Are you a sports enthusiast?

Regardless of your answer to the above question, and unless you are not living under a huge rock, you must be fairly acquainted with the term “Olympics.”

The extent and vastness of the Olympics are such that almost every nation in the world participates in this international multidisciplinary sports event that spans a wide variety of sports from all over the world. Therefore, it is pretty certain that almost everyone knows something about the Olympic Games. But the question is, “Do you know enough?”

The Olympics are one of the oldest international sporting events in the world, and hence also the most popular. However, due to the same reason, these games also possess several lesser-known facts that remain shrouded behind other popular facts.

This blog is going to test your familiarity with this popular quadrennial event. In the following sections, we will share ten facts about the Olympic Games you likely don’t know about. Check out these interesting facts to deepen your knowledge of the greatest multi-sport event in the world.

When did it all begin?

The modern-day Olympic Games, as we know them today, were first held in 1896 in Athens, Greece. Back then, only 14 countries participated in the games, and most participants were from Greece alone (over 200 out of 245, to be precise). However, the history of the Olympics dates back to much before the 19th century.

The ancient Olympic games were religiously centered sporting events, more of a festival dedicated to the Greek god Zeus. The games were organized in the ancient city of Olympia – hence the name “Olympic” Games. From 776 BC, these games were held every four years till 393 AD before being abandoned due to uncertain reasons.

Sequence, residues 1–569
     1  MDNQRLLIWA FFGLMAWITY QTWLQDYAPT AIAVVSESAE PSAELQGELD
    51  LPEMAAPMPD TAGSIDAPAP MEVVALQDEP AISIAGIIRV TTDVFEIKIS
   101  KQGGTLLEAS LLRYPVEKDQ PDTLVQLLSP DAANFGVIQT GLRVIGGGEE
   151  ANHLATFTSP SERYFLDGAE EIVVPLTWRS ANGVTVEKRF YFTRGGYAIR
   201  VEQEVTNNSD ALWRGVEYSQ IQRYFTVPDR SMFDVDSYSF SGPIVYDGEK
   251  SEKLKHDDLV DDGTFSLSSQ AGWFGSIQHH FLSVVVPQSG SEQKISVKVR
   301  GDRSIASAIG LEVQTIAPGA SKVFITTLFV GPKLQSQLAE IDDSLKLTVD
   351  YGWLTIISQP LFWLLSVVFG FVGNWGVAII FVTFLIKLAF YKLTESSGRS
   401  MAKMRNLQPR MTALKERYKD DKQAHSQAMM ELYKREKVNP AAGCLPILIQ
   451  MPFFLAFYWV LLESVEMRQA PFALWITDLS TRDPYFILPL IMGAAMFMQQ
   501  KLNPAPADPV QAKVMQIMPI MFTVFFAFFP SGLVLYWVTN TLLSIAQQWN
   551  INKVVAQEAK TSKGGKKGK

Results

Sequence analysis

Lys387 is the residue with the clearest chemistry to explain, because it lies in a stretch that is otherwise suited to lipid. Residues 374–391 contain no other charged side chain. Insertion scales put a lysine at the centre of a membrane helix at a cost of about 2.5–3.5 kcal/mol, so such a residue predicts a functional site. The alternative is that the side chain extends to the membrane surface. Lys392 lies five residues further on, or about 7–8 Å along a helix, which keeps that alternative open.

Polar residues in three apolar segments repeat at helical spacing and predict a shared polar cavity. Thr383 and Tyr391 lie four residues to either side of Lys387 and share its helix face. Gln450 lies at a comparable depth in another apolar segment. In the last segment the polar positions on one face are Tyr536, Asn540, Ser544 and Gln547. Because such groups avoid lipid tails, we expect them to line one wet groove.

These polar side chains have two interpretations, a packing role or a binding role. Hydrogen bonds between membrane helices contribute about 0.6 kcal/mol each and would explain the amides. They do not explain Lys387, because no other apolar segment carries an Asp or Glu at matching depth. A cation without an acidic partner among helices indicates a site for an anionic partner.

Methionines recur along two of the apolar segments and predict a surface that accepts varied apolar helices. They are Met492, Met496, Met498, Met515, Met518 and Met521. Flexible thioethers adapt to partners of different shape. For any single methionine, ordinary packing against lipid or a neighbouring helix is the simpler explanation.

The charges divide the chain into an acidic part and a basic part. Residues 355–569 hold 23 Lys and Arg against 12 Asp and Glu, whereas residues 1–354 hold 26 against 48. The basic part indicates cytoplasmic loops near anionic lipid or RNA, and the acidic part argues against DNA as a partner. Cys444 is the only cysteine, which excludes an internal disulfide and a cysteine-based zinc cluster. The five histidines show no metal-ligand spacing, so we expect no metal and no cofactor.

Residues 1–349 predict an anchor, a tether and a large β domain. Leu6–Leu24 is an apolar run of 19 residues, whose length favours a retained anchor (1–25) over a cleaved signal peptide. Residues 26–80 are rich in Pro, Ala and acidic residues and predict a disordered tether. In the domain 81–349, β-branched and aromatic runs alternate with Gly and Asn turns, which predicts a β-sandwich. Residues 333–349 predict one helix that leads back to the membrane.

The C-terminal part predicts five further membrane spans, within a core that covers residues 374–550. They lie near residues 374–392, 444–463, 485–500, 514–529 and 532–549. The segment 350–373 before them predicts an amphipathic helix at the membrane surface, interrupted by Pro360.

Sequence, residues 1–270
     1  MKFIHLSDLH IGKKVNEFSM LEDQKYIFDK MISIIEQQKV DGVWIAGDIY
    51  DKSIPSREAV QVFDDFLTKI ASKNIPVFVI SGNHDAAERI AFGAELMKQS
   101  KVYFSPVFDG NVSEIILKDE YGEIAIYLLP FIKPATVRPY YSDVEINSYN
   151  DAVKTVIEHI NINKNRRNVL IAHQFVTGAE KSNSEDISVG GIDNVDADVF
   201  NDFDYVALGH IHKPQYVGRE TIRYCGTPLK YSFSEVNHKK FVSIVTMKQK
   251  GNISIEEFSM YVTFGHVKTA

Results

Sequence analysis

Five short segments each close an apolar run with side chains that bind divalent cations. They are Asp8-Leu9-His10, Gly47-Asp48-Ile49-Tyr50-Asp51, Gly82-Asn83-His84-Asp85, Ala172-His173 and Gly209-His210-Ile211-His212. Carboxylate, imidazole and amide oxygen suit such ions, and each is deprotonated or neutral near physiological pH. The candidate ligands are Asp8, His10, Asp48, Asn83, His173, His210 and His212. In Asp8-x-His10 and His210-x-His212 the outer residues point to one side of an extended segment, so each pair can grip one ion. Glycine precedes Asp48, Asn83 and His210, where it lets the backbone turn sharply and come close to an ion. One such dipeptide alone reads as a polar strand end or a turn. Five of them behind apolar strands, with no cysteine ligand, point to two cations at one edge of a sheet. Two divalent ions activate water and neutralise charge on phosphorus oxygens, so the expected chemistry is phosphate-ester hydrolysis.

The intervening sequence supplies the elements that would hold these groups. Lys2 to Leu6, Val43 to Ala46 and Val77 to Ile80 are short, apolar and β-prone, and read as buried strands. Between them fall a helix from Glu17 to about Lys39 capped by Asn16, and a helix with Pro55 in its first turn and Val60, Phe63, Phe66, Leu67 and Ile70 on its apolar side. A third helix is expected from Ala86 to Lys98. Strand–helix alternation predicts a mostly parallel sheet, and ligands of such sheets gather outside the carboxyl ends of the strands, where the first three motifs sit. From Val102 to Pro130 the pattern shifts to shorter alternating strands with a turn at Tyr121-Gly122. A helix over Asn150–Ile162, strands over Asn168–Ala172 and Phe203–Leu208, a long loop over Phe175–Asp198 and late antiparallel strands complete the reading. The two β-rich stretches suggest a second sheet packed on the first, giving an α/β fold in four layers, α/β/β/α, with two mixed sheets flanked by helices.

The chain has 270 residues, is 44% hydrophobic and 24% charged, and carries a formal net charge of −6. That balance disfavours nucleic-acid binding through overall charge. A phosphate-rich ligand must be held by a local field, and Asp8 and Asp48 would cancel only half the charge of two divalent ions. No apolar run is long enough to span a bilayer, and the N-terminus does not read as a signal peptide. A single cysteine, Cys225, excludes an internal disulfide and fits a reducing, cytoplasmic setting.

Nudity: shameful or traditional?

What do you think will happen if a present-day Olympic athlete comes naked to perform at the Olympic Games? That will be breaking news and a negative one. Well, what if we told you that there was a time when nudity was a valued tradition at the Olympics?

Ironically, in ancient Greece, nudity was a tradition in the Olympic games. Male athletes would run the stadion race without wearing shorts or other clothes. Although it is not clear how this tradition crept into the ancient Olympics, it is fairly evident that by the second half of the 8th century BC, nudity was a heavily practiced tradition in the Olympics. Interesting.

The father of the modern Olympics

The ancient Olympic games were last held in 393 AD, most likely after the Roman emperor Theodosius I banned all pagan traditions in the territories under his rule. After dying down in the 4th century, how do you think the games revived after over 1500 years? Thank Pierre de Coubertin.

French historian and educator Pierre de Coubertin is considered largely responsible for the revival of the ancient Olympic Games and is called the father of the modern Olympics. He founded the International Olympic Committee (IOC) in 1894. The first-ever modern Olympic Games were held in Athens, Greece, in 1896 and ran for ten days.

The lone runner

The rebirth of the Olympics was a historically significant event in the history of the world, with enthusiasts across Europe and the rest of the world eager to partake in the events. 

However, women were initially not allowed to be a part. Coubertin believed that women athletes could adversely influence the performance of male athletes and, therefore, should not be allowed to participate in the game.

However, a Greek woman named Stamata Revithi went against the rules of the committee and ran the 40-kilometer-long marathon alone a day after the official men’s marathon.

Fortunately, women were permitted to compete in the 1900 Paris Olympics in some selected sports.

The Olympic Flame

Unlike the modern Olympics, the ancient Olympic Games didn’t have the concept of an Olympic Torch or Flame. Even in the modern games, the Olympic Flame did not exist until the 1928 Amsterdam Olympics. Even then, the familiar Olympic Torch Relay ceremony only happened in the 1936 Berlin Olympics.